WHAT CAN HAPPEN?
Exposure to the sun's UV rays (UVA & UVB) has been linked to significant eye problems.
- cataracts - cloudy patches in the lens that can make vision blurred or misty. They can develop in one or both eyes.
- macular degeneration- a painless eye condition that leads to the gradual loss of central vision (the ability to see what is directly in front of you).
- pinguecula – a white or yellow bump on the white of the eye caused by a thickening of the conjunctiva (the thin protective layer), usually found close to the edge of the cornea
- pterygia – a pterygium is a noncancerous growth that develops on the white of your eye. As it gets bigger and crosses over the cornea, you might have blurry vision because it will warp the cornea causing an astigmatism. In extreme circumstances, the growth may progress over the cornea to obscure your vision
- photokeratitis - prolonged exposure to intense sunlight can cause the eyes to become painfully sensitive, known as photokeratitis or snow blindness
- conjunctivitis (inflammation of the eye)
- The development of spots that could result in blindness
- Eye cancer in later life
Short-term UV exposure can result in mild irritation, difficulty with bright lights, excessive blinking and sunburn of the part of the eye known as the cornea.
The Global Solar UV index is a scale that was developed by the World Health Organisation which measures the UV radiation level at the surface of the Earth and gives an indication of the potential for skin damage. Check out our UV Index to check the UV level where you are.
The actual amount of UV radiation you get outdoors depends on a number of factors including:
- Geographic location UV exposure is greater in tropical areas near the equator. The farther you are from the equator, the lower your risk
- Altitude UV exposure is greater at higher altitudes
- Time of day UV exposure is greater when the sun is high in the sky, typically from 10am - 2pm
- Setting UV exposure is greater in wide open spaces, especially when highly reflective surfaces are present, such as snow and sand. Sunglasses are also important in winter, as fresh snow can reflect 80% of UV rays, almost doubling your exposure to UV radiation
- Medications Certain medications, such as tetracycline, sulfa drugs, birth control pills, diuretics and tranquilizers, can increase your body's sensitivity to UV radiation.
Many misconceptions exist about sun protection for your eyes. Keep these tips in mind:
- To protect your eyes you should wear sunglasses that block 100% of all UV rays (UVA & UVB) and carry the CE Mark. It is important to wear sunglasses whenever you are outdoors in daylight - even on cloudy days, as the sun's harmful UV rays can penetrate cloud cover. CE Mark sunglasses are available in selected CarePlus Pharmacies.
- To protect as much of the delicate skin around your eyes as possible, try at least one pair of sunglasses with large lenses or a close-fitting wraparound style.
- In addition to sunglasses, wearing a wide-brimmed hat on sunny days can reduce your eyes' exposure to UV by up to 50%.
- Remember to wear sunglasses even in the shade. Although shade reduces your UV and HEV exposure to some degree, your eyes will be exposed to UV rays reflected from buildings, roadways and other surfaces.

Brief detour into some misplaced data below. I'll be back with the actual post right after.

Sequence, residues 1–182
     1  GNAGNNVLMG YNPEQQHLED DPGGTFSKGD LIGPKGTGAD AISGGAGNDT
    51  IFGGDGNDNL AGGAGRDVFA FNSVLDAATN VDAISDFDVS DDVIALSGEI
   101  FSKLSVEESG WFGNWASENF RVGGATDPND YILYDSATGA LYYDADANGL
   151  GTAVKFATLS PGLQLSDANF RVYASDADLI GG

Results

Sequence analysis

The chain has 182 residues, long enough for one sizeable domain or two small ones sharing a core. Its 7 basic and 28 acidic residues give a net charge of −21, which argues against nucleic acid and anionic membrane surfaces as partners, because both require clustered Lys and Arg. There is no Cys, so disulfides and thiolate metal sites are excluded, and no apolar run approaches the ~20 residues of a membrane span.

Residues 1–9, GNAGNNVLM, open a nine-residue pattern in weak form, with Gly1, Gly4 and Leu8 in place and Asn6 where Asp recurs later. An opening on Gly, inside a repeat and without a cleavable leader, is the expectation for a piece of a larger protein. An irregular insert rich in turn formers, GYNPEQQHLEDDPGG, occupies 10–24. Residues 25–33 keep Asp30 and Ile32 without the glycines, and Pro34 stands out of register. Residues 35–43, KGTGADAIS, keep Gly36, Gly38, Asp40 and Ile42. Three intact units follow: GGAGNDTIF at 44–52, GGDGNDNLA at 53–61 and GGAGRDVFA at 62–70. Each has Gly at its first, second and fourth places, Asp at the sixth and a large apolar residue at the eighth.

- Even if your contact lenses block UV rays, you still need sunglasses. UV-blocking contacts shield only the part of your eye under the lens. UV rays still can damage your eyelids and other tissues not covered by the lens.
- Although dark skin colour may give you a lower risk of skin cancer from UV radiation, your risk of eye damage from UV rays is the same as that of someone with fair skin.
- Watch out for sun, sand and water. When at the beach or in the pool, remember that rays reflected off sand, water or pavement can burn your eyes.
- The Irish College of Ophthalmologists (ICO) urge people to be aware of the heightened risk of exposure to UV damage as a result of having light coloured eyes during the summer months when UV levels are at least three times higher than in winter.
The risk of damage to our eyes and skin from solar UV radiation is cumulative — meaning the danger continues to grow the more time you spend in sunlight throughout your lifetime. Thus, it is especially important for kids to protect their eyes from the sun.
- The ICO is encouraging parents to get their children into the habit of wearing UV-blocking sunglasses from an early age so it becomes habit. The ICO state that “wearing sunglasses is one of the easiest and most important things children and adults can do to protect their eye health.”
- Some experts say that because children tend to spend significantly more time outdoors than adults, up to half of a person's lifetime exposure to UV radiation can occur by the age of 18.
- Children are also more susceptible to eye damage from UV rays because the lens inside a child's eye is clearer than an adult lens, allowing more UV to penetrate deep into the eye.
- Make sure your children's eyes are protected from the sun with good quality sunglasses or photochromic lenses(lenses that are clear (or nearly clear) indoors and darken automatically when exposed to sunlight).
- Toy sunglasses do not provide protection from UV rays. If a child refuses to wear sunglasses don’t forget that a broad brimmed hat and shade will also give some protection.
- Check tags to make sure they give enough protection. Look out for: European Standard EN1836.